Report on Karangetang (Indonesia) — 19 July-25 July 2023
Smithsonian Institution / US Geological Survey
Weekly Volcanic Activity Report, 19 July-25 July 2023
Managing Editor: Sally Sennert.
Please cite this report as:
Global Volcanism Program, 2023. Report on Karangetang (Indonesia) (Sennert, S, ed.). Weekly Volcanic Activity Report, 19 July-25 July 2023. Smithsonian Institution and US Geological Survey.
2.781°N, 125.407°E; summit elev. 1797 m
All times are local (unless otherwise noted)
PVMBG reported that dense white gas-and-steam plumes from Karangetang were visible rising as high as 100 m and drifting E, NE, NW, and W on most days during 19-25 July. The Darwin VAAC noted that ash plumes rose as high as 2.4 km (8,000 ft) a.s.l. at 1710 on 21 July, at 1530 on 22 July, and at 0850 on 23 July, that drifted NE and E. According to a news source, lava avalanches traveled more than 1.7 km down the Kahetang drainage, 1 km down the Batuawang and Batang drainages, 800 m down the Timbelang drainage, and about 1.5 km down the West Beha drainage during 21-22 July. Dense gray-to-white plumes sometimes accompanied the lava avalanches. The Alert Level remained at 3 (on a scale of 1-4) and the public were advised to stay 2.5 km away from Main Crater with an extension to 3.5 km on the S and SE flanks.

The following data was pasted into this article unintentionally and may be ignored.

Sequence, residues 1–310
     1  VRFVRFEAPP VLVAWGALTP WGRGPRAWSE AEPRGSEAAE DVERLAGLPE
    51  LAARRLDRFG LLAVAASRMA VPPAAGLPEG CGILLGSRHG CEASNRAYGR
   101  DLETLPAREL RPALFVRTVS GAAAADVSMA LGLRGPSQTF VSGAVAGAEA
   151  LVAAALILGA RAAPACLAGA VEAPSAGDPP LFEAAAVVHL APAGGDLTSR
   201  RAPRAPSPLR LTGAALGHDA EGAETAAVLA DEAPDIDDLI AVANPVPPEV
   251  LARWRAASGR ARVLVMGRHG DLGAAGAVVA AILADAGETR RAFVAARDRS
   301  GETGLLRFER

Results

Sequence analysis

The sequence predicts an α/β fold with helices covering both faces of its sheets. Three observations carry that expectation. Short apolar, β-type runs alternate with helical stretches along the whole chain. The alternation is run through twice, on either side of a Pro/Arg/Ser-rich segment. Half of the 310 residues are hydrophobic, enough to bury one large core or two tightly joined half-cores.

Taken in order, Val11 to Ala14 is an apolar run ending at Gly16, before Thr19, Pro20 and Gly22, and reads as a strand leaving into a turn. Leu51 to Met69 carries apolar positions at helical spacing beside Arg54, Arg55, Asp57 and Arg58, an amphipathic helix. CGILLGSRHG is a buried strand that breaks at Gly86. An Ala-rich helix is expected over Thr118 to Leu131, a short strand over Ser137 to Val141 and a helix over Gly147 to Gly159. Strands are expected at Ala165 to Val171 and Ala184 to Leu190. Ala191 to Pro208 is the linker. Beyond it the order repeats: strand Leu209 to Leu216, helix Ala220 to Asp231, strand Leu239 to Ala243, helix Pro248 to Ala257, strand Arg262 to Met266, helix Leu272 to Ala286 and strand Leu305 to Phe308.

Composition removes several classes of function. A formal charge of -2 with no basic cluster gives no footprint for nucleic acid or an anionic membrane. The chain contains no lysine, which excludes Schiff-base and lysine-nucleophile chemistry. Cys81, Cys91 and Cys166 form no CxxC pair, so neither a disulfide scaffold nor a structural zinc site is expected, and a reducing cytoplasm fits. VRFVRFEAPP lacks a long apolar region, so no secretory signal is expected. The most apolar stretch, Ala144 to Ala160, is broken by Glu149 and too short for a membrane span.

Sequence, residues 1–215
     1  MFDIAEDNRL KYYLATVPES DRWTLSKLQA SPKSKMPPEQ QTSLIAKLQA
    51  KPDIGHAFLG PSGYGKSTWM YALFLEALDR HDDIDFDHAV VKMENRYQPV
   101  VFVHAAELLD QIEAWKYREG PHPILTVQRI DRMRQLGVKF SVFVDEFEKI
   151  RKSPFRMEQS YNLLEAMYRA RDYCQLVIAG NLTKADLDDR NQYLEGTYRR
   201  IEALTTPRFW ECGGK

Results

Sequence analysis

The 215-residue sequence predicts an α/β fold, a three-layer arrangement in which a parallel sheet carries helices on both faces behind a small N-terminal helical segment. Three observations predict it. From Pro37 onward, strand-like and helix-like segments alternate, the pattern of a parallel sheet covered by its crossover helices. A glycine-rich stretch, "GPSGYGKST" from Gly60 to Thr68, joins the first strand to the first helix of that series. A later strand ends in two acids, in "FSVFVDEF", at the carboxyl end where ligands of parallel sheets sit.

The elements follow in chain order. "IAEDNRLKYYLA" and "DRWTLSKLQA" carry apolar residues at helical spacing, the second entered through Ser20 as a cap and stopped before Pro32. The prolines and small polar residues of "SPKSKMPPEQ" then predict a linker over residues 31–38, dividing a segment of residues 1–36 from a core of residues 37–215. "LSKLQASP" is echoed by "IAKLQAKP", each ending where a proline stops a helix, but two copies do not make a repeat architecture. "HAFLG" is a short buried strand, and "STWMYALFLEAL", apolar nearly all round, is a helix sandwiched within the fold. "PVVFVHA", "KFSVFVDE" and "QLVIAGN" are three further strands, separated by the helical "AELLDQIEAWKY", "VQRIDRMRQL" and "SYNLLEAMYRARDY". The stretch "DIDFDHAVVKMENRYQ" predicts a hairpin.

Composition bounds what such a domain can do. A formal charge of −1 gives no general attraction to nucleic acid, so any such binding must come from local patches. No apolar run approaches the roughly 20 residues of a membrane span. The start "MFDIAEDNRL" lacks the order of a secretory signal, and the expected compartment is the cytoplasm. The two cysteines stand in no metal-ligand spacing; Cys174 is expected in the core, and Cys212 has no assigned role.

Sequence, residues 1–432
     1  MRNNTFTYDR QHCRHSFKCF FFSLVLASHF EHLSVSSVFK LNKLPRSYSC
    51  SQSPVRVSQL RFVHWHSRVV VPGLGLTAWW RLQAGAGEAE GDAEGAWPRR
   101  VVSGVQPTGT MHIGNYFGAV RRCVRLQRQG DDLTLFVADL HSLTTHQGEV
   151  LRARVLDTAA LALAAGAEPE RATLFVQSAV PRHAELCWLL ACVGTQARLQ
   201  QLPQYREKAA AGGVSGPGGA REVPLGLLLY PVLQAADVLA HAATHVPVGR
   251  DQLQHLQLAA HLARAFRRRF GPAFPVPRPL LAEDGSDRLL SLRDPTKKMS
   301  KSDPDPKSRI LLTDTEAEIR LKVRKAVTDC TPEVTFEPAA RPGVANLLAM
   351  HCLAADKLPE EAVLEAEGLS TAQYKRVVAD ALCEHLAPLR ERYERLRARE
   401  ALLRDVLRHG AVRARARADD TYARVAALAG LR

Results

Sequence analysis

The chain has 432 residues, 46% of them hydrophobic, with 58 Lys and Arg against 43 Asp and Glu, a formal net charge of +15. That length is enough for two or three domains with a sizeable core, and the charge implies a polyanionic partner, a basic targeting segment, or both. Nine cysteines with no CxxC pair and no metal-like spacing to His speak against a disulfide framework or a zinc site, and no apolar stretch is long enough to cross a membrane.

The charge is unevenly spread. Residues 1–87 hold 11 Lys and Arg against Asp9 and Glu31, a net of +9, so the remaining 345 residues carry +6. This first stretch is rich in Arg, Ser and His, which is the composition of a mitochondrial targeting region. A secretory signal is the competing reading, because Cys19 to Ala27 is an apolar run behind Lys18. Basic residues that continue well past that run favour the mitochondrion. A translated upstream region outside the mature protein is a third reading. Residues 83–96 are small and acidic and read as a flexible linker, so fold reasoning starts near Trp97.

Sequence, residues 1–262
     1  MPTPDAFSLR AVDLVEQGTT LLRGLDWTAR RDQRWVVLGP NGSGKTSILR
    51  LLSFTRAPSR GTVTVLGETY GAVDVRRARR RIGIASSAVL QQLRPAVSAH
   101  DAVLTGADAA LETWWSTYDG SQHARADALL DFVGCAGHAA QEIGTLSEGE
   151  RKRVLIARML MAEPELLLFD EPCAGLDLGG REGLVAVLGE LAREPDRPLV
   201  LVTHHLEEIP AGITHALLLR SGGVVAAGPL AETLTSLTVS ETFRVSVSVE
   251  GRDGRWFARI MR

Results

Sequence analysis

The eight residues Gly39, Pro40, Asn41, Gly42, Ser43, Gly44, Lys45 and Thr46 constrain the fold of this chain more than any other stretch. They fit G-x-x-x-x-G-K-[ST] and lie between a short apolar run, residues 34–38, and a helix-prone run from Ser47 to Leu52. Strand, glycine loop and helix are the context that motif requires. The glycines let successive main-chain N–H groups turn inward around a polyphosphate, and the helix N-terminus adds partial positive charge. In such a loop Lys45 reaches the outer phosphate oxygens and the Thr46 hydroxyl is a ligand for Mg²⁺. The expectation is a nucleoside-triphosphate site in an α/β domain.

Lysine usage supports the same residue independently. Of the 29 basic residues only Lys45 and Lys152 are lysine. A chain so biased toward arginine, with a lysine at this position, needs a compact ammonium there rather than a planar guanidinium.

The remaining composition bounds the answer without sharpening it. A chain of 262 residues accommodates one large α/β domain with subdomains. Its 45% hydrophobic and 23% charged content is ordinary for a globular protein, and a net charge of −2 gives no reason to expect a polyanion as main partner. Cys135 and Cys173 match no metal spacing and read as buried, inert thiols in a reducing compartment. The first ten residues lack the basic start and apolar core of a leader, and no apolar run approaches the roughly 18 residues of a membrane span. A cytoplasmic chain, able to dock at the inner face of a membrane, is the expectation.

Geological Summary. Karangetang (Api Siau) volcano lies at the northern end of the island of Siau, about 125 km NNE of the NE-most point of Sulawesi. The stratovolcano contains five summit craters along a N-S line. It is one of Indonesia's most active volcanoes, with more than 40 eruptions recorded since 1675 and many additional small eruptions that were not documented (Neumann van Padang, 1951). Twentieth-century eruptions have included frequent explosive activity sometimes accompanied by pyroclastic flows and lahars. Lava dome growth has occurred in the summit craters; collapse of lava flow fronts have produced pyroclastic flows.